By Danny Graugnard, Staff Writer Classes late at night can put anyone on edge. People are tired, less formal, and perhaps a bit spacey. It's why I enjoy my classes on Monday nights. Not the tired part, but the laid back feeling that makes a great learning environment in my book. Not everyone showed up this past Monday though, two female students were absent, leaving an even three men and three women in
the class–an observation the professor pointed out. Of course, I knew exactly where this observation was going to lead.
No longer than 20 minutes were we deep in a class discussion, where truthfully the female students were leading. The professor then commented, "Notice that the men are so quiet tonight!" We laughed at this comment- of course, I've been laughing at those kind of subtle, unintentionally disparaging comments for four years.
I can't begin to explain how awkward it feels to, well, feel discriminated against for being a male in class. After all, it doesn't really make sense for prejudice against men to exist at school where the female-to-male ratio is skewed towards female, and feminism is always a hot topic in the minds of the student body, right? But regardless of the precursors and my own insecurities, it happens.
Last year on my way to another class, I just so happened to be running late. So did the other guy in the class. When we both arrived, the professor commented how it was "funny how the men in the classroom are both late to class." Innocent enough for sure, though after hearing that comment many times before at the time, I was beginning to really wonder whether or not being a man has anything to do with being late. I think I woke up late from a nap that evening. Don't know the other guy's story.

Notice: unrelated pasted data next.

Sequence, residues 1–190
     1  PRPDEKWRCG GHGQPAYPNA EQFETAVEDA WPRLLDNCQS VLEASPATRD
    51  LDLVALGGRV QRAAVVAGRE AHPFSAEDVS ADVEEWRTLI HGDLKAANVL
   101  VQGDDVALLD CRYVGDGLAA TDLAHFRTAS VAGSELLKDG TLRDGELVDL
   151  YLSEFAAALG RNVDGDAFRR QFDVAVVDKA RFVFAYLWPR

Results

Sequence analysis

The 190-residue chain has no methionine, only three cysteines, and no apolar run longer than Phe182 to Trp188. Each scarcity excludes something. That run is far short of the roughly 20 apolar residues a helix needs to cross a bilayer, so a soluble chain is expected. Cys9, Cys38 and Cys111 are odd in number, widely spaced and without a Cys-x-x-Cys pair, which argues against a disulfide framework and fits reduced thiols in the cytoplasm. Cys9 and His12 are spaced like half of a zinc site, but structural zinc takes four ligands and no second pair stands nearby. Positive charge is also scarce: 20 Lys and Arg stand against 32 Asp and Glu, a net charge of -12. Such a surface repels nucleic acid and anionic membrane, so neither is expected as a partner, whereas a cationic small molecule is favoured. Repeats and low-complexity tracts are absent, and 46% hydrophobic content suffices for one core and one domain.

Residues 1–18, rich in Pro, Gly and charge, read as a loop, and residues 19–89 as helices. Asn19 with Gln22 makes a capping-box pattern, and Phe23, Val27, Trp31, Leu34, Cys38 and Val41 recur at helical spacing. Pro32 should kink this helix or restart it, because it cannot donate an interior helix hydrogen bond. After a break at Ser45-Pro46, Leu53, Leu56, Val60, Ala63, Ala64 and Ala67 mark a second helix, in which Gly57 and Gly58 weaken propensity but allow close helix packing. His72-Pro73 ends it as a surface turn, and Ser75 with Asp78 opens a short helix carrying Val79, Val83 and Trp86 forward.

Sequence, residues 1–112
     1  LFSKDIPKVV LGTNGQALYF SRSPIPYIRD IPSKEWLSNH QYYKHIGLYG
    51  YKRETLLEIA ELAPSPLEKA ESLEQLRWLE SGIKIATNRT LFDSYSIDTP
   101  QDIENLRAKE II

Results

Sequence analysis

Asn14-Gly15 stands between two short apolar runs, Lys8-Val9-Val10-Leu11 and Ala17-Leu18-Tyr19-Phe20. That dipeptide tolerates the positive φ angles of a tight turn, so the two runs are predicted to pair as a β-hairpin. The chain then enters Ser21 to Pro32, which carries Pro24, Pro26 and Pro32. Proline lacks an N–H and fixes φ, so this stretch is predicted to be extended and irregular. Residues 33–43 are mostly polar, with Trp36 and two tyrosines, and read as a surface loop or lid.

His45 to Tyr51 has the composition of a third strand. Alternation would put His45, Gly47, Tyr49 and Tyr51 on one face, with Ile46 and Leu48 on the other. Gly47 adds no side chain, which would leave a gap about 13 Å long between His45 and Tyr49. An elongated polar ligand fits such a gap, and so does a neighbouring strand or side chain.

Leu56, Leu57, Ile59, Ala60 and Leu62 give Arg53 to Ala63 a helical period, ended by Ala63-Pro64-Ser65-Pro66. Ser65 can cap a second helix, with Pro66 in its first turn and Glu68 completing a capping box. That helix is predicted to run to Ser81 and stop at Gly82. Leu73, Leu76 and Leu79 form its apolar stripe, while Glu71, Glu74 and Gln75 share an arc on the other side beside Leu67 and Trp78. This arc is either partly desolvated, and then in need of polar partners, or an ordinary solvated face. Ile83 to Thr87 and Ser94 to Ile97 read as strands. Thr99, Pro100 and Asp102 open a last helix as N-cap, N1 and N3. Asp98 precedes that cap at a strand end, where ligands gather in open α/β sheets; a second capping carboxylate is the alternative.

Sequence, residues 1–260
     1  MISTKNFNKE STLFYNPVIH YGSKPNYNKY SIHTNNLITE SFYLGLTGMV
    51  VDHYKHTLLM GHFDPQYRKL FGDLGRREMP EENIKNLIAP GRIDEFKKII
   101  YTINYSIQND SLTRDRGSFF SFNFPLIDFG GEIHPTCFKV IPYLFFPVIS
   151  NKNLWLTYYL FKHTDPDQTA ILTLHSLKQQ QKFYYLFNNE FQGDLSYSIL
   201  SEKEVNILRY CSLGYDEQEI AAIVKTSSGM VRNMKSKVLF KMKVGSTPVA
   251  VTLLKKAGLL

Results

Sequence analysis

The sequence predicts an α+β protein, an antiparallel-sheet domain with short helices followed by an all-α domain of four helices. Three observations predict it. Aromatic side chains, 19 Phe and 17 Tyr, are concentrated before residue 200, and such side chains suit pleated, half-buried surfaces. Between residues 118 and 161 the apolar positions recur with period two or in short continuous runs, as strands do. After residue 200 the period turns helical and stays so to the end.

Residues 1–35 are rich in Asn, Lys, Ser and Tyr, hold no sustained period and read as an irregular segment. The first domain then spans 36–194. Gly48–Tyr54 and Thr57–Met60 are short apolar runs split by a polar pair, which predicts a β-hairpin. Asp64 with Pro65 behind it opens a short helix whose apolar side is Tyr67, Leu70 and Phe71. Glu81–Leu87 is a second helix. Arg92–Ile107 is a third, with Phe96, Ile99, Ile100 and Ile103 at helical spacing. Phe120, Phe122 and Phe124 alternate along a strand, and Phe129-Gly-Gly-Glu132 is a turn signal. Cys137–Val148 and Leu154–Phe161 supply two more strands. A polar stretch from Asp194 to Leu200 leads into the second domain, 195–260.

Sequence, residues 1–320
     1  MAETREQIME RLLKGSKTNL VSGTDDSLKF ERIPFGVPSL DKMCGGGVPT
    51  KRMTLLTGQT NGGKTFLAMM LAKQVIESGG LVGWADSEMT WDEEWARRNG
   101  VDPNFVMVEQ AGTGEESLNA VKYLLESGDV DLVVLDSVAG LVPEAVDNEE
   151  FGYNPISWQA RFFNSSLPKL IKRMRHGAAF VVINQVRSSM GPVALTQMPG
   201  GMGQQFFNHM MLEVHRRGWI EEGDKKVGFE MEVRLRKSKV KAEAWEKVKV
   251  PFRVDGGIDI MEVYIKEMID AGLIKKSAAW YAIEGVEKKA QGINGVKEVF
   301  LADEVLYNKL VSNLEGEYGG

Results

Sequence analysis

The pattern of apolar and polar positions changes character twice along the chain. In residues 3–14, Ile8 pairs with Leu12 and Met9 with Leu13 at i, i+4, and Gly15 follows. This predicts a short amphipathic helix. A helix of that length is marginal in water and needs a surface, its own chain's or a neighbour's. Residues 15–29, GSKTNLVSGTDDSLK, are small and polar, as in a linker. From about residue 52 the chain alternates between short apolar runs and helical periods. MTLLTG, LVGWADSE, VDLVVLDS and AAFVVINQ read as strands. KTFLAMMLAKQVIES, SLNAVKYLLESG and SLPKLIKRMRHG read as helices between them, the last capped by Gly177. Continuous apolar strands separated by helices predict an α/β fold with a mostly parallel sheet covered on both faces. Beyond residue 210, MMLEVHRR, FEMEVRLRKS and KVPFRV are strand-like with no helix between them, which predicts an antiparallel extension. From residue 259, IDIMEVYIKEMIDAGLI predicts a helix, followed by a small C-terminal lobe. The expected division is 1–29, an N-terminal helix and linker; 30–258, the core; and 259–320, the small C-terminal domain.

The semester before that, I happened to turn in my paper late, and wouldn't you know it? So did the other two men in the class. Which resulted in the inevitable observation by the professor that it was "peculiar how all the men in the class forgot their papers..." And before that was Women in Literature–one of the English department's feminist classes disguised as a literature class. Only two men were in that course, including myself, so the professor kept an eye on us for "interesting insight." I remember meeting up with a classmate at one of my house parties. We got into a heated debate because I didn't like Wide Sargasso Sea. Then she saw me kissing this dude and exclaimed, "OMG you're gay?!" We became besties. At the end of the course, the professor asked how to get other men to take this course. Sorry, I don't know what to tell you.
And I can't help but remember my close friend who noticed favoritism towards women in his psychology classes, or another friend who couldn't help feeling that the female history professor hated him. Not to mention the enumerable rumors of the one or two female professors in the art department who reportedly challenge male students more than female students.
Claiming that professors and students at Skidmore College are blatantly sexist towards men is a bold statement, even for me. That's why I'm not attempting to do that here. And I honestly don't believe any of them are. I mean, all these studies about women performing better than men in school are very impressionable. But the kind of language and implications mentioned in my anecdotes and the other times I've heard subtle, backhanded insults about my sex in connection to my productivity as a student in my four years of attendance is troubling.